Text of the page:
In this post we will show you how to produce the simple time-lapse photography in this video with Python and OpenCV, using your USB camera. Here we used a Logitech QuickCam® Pro 9000. The Video Capture feature of OpenCV makes this task very easy. Basic information and a few examples are available here.
In this simple example, we will open a video capture stream, acquire images at fixed time interval and save them. After that, we will see how to use OpenCV to set up some of the parameters of the camera.
OK, let’s get started. The basic command to acquire an image (supposed that your camera is set up already) is this.
import cv2 import numpy as np # Create a VideoCapture object cap = cv2.VideoCapture(0) # Capture a frame ret, img = cap.read() # Release the capture cap.release()
Note: if you have a second camera, you can choose chose it by passing 1 as the parameter of the video capture, for instance by calling cv2.VideoCapture(1), etc.
In addition to the frame, the command cap.read() returns a Boolean that will be True if the capture is successful. The frame itself is a numpy array.
That’s about all we need to do, except for setting up the time interval between exposure. This can be implemented in a for loop, for instance:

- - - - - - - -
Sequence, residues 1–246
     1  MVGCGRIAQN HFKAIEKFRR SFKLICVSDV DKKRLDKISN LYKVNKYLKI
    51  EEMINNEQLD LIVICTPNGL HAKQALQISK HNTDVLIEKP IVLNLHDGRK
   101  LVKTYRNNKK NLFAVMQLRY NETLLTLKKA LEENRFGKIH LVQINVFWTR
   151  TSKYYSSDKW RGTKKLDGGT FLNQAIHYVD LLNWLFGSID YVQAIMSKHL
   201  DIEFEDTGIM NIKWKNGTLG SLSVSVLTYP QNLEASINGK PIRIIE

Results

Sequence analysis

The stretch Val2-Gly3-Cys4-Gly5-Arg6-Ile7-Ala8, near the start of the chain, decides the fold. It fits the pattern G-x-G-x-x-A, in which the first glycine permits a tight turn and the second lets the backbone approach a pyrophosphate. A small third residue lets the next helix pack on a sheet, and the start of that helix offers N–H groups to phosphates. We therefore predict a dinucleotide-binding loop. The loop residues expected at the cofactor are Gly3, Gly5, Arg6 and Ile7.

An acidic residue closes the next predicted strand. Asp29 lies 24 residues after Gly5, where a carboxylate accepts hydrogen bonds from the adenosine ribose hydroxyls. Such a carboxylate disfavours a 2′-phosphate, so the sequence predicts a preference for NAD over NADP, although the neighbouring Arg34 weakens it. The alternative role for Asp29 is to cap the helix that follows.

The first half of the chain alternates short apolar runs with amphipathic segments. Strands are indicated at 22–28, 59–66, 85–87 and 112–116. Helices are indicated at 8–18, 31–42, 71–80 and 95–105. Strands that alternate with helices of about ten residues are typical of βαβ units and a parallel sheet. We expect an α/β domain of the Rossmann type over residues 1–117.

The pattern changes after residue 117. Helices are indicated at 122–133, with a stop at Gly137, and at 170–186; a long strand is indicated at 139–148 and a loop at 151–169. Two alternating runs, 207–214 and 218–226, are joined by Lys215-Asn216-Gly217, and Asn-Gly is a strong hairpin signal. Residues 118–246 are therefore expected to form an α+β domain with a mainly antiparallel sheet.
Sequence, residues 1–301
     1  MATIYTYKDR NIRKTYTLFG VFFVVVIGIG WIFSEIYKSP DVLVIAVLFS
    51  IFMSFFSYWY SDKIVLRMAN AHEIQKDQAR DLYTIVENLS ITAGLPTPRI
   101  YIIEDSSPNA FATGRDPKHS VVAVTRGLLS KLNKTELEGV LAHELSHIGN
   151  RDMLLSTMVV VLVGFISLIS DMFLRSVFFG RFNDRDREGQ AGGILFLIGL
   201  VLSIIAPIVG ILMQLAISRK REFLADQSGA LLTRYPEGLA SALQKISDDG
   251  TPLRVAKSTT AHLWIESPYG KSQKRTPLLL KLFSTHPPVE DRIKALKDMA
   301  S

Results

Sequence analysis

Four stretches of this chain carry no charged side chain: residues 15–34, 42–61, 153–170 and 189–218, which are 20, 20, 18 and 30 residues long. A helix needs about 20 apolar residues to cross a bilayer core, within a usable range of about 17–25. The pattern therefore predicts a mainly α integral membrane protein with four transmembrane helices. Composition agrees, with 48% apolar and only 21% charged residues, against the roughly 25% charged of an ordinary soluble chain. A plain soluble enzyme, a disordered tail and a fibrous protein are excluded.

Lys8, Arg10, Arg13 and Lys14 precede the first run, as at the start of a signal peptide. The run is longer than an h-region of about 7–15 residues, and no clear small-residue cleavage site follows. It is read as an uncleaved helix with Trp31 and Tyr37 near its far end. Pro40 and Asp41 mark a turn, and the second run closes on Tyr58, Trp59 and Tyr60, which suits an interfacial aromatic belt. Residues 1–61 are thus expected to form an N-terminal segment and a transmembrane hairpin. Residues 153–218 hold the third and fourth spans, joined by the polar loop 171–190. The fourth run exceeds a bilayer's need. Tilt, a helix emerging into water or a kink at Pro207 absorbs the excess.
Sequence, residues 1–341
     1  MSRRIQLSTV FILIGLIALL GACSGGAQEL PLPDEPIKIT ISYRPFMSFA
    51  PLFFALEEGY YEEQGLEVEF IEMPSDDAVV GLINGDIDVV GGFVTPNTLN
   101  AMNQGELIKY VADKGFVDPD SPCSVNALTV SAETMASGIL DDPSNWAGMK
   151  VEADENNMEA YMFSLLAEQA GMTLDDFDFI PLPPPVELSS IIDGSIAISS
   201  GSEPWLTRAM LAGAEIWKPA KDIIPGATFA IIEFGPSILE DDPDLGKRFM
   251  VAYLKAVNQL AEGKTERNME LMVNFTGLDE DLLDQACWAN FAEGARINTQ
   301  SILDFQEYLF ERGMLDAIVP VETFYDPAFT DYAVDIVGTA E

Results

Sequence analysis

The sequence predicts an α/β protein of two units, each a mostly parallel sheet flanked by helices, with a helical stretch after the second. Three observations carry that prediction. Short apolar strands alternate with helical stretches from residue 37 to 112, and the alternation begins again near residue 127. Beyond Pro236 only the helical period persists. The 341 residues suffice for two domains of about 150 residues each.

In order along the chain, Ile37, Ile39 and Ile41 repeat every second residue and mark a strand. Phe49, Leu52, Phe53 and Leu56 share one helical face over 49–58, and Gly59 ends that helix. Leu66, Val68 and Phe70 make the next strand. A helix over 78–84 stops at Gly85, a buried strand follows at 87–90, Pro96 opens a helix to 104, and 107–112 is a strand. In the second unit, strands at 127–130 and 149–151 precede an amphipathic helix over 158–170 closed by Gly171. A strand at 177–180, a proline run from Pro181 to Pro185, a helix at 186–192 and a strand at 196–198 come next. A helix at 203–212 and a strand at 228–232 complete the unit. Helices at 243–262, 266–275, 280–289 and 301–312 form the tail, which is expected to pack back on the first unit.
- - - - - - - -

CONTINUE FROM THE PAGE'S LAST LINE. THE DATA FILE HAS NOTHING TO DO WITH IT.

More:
import time nframes = 1024 interval = 5 for i in range(nframes): # capture ret, img = cap.read() # save file cv2.imwrite('./img_'+str(i).zfill(4)+'.png', img) # wait 5 seconds time.sleep(interval)
I pointed the camera outside my window ad saved a bunch of images using this code. Then I put the frames together and this is the result.
If you wish to play around with some of the parameters of your camera, for instance exposure, frame rate, gain, etc. you can refer to this page of the OpenCV documentation.
Use the command cap.set(propId, value) to set the value. The first argument of this function refer to the enumeration of the camera properties, and the second argument is the actual value. For instance, for my camera, the property 14 (CV_CAP_PROP_GAIN), is in the range [0-255], or the property 15 (CV_CAP_PROP_EXPOSURE) accepts value in the range [-2, -9]. Note that in this case the actual exposure time goes from 2^(-2) to 2^(-9).
That’s all for today, thanks for stopping by!